Whatever. Anyway, Yesterday was an amazing day. Today, I am just now getting the word out and telling people and…
It’s like this. And it’s all about creating characters.
Yesterday was the release day for KICKING IT, the anthology Kalayna Price and I edited. It did well (very well) on release day, in no small part to the efforts of my PR team and my street team and the efforts of Chloe Neill who has PR nailed.
Yesterday was also the release day of the new revamped (haha) website www.faithhunter.net . It is stylish and slick and I love it!
Yesterday was the day I turned in a proposal and character for a new series.
And Yesterday was also the day I turned in my notice that, after the first of the year, I will no longer be a full time lab rat. I [...]
Continue reading Yesterday, All My Troubles Seemed ….
James R. Tuck
Character and Plot. The two things you need to make a book. (Please don’t cite me examples of books that have one but not the other. Those are outliers and not the main thrust of books.) Generally speaking those are the requirements.
Now for most folks, myself included, character is actually pretty easy. They come swaggering up in our heads all badass and near fully fleshed out. The plots? They’re a different story. Plots are tricky little devils and hard to get hold of sometimes.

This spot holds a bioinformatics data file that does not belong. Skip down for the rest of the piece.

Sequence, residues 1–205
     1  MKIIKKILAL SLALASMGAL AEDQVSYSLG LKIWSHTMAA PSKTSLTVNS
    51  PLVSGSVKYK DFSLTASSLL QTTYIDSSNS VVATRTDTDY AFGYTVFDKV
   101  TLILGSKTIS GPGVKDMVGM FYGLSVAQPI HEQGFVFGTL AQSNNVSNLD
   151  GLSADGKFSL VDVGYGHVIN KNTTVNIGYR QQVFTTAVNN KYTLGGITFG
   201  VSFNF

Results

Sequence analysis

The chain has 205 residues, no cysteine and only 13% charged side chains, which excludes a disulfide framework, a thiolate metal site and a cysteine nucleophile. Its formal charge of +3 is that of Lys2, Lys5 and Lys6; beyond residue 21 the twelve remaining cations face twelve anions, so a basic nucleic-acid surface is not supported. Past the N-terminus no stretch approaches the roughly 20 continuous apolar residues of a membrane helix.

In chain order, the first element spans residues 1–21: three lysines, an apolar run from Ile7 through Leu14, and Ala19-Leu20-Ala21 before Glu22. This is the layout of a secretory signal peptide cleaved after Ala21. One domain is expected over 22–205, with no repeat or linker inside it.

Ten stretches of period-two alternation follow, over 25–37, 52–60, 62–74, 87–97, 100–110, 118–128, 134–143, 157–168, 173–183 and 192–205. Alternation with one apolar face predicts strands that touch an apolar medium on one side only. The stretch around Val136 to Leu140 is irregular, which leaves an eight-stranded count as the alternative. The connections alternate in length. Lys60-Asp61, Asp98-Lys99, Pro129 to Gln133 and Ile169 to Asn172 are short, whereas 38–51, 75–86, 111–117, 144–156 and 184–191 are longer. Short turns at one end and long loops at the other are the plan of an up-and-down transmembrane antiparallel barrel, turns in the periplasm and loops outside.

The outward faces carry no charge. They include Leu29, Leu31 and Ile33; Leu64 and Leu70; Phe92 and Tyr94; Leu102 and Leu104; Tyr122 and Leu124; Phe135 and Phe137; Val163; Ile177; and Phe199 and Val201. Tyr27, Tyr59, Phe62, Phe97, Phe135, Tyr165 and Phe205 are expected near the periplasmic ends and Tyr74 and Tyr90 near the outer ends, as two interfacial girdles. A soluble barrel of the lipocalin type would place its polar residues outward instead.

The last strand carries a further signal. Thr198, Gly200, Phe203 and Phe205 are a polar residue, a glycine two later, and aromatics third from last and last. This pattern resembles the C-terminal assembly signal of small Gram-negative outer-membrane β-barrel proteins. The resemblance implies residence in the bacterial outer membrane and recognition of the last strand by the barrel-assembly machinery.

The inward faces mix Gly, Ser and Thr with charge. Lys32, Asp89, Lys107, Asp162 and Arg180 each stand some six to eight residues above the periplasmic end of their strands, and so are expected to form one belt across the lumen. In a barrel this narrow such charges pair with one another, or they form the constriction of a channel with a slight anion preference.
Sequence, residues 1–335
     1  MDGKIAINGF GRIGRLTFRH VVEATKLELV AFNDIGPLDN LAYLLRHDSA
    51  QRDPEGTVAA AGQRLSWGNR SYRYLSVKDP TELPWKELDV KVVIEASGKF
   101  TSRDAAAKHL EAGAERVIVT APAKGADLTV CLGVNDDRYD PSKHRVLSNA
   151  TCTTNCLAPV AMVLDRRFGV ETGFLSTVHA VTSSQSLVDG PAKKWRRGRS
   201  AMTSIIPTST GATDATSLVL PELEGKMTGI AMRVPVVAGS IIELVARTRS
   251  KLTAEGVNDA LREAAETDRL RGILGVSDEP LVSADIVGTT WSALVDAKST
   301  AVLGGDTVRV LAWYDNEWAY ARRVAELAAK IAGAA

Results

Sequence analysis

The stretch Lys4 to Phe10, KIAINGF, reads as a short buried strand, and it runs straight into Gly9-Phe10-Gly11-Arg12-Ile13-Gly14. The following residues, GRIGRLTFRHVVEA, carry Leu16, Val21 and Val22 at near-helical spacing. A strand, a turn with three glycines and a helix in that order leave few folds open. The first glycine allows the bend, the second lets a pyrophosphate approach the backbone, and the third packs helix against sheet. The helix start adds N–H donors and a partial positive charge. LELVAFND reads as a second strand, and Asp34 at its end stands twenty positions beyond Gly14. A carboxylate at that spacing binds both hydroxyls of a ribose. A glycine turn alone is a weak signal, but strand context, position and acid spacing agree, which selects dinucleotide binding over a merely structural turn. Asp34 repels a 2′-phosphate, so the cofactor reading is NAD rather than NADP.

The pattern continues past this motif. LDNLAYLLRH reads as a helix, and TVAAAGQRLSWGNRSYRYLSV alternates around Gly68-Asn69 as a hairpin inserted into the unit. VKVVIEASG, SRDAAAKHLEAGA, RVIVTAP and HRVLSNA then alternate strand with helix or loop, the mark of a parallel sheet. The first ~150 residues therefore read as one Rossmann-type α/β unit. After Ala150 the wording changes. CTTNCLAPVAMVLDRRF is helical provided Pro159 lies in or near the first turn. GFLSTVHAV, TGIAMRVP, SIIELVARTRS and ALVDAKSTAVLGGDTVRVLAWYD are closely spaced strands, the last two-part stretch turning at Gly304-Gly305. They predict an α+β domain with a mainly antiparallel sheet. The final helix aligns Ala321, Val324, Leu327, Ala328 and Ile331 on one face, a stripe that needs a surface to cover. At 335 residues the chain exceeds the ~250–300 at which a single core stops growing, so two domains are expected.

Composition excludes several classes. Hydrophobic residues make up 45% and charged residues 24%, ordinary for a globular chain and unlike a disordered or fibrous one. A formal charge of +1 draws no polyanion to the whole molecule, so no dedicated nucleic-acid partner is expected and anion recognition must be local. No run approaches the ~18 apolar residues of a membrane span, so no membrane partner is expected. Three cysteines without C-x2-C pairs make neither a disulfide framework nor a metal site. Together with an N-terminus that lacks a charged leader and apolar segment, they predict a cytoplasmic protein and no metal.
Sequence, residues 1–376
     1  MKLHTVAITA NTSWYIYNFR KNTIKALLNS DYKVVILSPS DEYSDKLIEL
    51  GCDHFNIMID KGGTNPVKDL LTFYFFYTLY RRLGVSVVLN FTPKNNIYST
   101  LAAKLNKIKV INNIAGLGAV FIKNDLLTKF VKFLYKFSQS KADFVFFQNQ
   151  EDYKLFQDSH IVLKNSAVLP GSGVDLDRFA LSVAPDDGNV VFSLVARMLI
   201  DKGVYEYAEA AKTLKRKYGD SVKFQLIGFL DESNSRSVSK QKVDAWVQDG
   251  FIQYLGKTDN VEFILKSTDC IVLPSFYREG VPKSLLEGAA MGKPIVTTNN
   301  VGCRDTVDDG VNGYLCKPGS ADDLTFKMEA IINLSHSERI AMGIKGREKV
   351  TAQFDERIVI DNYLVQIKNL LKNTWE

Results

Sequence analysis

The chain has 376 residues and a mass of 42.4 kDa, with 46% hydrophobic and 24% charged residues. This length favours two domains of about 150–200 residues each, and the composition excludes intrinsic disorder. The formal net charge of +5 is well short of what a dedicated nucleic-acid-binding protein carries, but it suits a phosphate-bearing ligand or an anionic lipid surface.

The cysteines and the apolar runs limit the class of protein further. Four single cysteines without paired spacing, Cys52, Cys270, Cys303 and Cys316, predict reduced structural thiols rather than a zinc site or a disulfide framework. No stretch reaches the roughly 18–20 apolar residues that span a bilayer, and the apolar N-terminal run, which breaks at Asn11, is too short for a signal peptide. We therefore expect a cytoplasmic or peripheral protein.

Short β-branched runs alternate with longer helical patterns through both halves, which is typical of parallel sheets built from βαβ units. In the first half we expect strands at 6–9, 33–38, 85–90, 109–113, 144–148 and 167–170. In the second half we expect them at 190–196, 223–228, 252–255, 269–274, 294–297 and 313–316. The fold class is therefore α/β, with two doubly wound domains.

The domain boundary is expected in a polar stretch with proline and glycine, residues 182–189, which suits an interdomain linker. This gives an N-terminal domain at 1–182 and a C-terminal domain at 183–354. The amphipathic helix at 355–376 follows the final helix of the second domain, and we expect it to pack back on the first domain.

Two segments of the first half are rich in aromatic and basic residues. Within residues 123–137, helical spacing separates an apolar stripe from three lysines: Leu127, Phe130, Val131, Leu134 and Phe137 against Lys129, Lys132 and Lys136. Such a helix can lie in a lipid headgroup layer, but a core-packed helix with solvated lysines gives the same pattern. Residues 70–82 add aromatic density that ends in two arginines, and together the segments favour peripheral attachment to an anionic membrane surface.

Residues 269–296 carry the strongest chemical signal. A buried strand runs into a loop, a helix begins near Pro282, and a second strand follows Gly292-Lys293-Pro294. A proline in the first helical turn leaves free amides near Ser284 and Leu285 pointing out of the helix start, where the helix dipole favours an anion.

But that’s because we overthink them.
We do. As writers our brains are moving 90 to nothing and cruising top speed down multiple tracks. We mix our plot up with the following things: Character, Backstory, World-building, Themes, and Motives.
But we don’t need that for the actual plot.
The plot is the skeleton you hang all that meat [...]
Continue reading PLOTTING WITH BUNNIES (or whatever other animal you like. Want a hippopotamus? By all means, plot with hippos.)
A few weeks ago, I wrote a post about point of view and the ways in which it could help us address nearly all the narrative problems we face when writing. In comments to the post, Donald “SagaBlessed” Kirby, mentioned that making our dialog feel natural can sometimes be difficult, which is absolutely true.
More to the point, of all the writing problems that point of view can help us address, perhaps none is better suited to a POV solution than that of contrived dialog. Frankly, I can’t believe I left it out of my previous post.
Here at MW, we’ve discussed dialog quite a bit over the years, and I’m going to do my best not to cover the same ground in this post. This is not a post about how to write dialog, or how to make the spoken words themselves sound natural. (Carrie did this very well [...]
Continue reading On Writing: Creative Intersections — Point of View and Dialog
Diana Pharaoh Francis
I managed to talk Laura Anne Gilman into coming and posting today. If you’ve never heard of her, why not??? She writes fabulous books both under her own name, and mysteries as L.A. Kornetsky. She’s also been an editor for some major writers. Now, without further ado, the meerkat herself: